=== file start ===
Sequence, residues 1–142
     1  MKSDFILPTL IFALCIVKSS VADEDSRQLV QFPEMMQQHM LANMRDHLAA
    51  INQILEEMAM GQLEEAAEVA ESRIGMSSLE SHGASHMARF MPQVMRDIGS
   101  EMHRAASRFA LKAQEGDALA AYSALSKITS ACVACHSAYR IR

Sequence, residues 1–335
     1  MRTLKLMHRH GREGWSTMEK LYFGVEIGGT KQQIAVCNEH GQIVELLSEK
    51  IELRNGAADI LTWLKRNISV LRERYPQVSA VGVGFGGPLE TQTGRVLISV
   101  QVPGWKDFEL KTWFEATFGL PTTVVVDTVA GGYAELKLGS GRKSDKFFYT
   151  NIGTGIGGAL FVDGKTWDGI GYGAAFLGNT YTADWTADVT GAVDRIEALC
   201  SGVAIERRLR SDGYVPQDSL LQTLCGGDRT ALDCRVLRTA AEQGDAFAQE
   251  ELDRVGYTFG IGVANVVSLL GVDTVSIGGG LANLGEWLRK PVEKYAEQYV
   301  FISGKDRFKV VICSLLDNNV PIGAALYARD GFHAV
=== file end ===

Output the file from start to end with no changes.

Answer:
Sequence, residues 1–142
     1  MKSDFILPTL IFALCIVKSS VADEDSRQLV QFPEMMQQHM LANMRDHLAA
    51  INQILEEMAM GQLEEAAEVA ESRIGMSSLE SHGASHMARF MPQVMRDIGS
   101  EMHRAASRFA LKAQEGDALA AYSALSKITS ACVACHSAYR IR

Sequence, residues 1–335
     1  MRTLKLMHRH GREGWSTMEK LYFGVEIGGT KQQIAVCNEH GQIVELLSEK
    51  IELRNGAADI LTWLKRNISV LRERYPQVSA VGVGFGGPLE TQTGRVLISV
   101  QVPGWKDFEL KTWFEATFGL PTTVVVDTVA GGYAELKLGS GRKSDKFFYT
   151  NIGTGIGGAL FVDGKTWDGI GYGAAFLGNT YTADWTADVT GAVDRIEALC
   201  SGVAIERRLR SDGYVPQDSL LQTLCGGDRT ALDCRVLRTA AEQGDAFAQE
   251  ELDRVGYTFG IGVANVVSLL GVDTVSIGGG LANLGEWLRK PVEKYAEQYV
   301  FISGKDRFKV VICSLLDNNV PIGAALYARD GFHAV